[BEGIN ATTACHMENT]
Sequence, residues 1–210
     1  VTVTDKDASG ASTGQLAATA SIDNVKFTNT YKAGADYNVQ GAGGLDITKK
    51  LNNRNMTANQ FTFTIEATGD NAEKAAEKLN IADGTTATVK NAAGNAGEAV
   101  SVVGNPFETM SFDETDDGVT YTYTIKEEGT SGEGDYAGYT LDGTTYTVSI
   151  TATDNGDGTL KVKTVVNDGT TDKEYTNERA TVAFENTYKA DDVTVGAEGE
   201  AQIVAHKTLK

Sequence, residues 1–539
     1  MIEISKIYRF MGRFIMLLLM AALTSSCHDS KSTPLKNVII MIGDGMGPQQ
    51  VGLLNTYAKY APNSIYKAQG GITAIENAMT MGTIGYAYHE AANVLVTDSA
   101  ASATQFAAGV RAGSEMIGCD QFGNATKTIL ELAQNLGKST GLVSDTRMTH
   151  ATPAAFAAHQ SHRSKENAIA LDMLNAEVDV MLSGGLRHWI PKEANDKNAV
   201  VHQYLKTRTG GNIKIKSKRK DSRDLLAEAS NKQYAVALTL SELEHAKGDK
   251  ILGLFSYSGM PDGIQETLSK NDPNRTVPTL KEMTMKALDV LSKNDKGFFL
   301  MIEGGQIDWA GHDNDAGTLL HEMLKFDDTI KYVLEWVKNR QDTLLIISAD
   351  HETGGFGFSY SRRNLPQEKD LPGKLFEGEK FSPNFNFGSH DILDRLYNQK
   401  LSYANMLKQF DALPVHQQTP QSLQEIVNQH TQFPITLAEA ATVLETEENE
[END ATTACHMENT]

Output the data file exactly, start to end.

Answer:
Sequence, residues 1–210
     1  VTVTDKDASG ASTGQLAATA SIDNVKFTNT YKAGADYNVQ GAGGLDITKK
    51  LNNRNMTANQ FTFTIEATGD NAEKAAEKLN IADGTTATVK NAAGNAGEAV
   101  SVVGNPFETM SFDETDDGVT YTYTIKEEGT SGEGDYAGYT LDGTTYTVSI
   151  TATDNGDGTL KVKTVVNDGT TDKEYTNERA TVAFENTYKA DDVTVGAEGE
   201  AQIVAHKTLK

Sequence, residues 1–539
     1  MIEISKIYRF MGRFIMLLLM AALTSSCHDS KSTPLKNVII MIGDGMGPQQ
    51  VGLLNTYAKY APNSIYKAQG GITAIENAMT MGTIGYAYHE AANVLVTDSA
   101  ASATQFAAGV RAGSEMIGCD QFGNATKTIL ELAQNLGKST GLVSDTRMTH
   151  ATPAAFAAHQ SHRSKENAIA LDMLNAEVDV MLSGGLRHWI PKEANDKNAV
   201  VHQYLKTRTG GNIKIKSKRK DSRDLLAEAS NKQYAVALTL SELEHAKGDK
   251  ILGLFSYSGM PDGIQETLSK NDPNRTVPTL KEMTMKALDV LSKNDKGFFL
   301  MIEGGQIDWA GHDNDAGTLL HEMLKFDDTI KYVLEWVKNR QDTLLIISAD
   351  HETGGFGFSY SRRNLPQEKD LPGKLFEGEK FSPNFNFGSH DILDRLYNQK
   401  LSYANMLKQF DALPVHQQTP QSLQEIVNQH TQFPITLAEA ATVLETEENE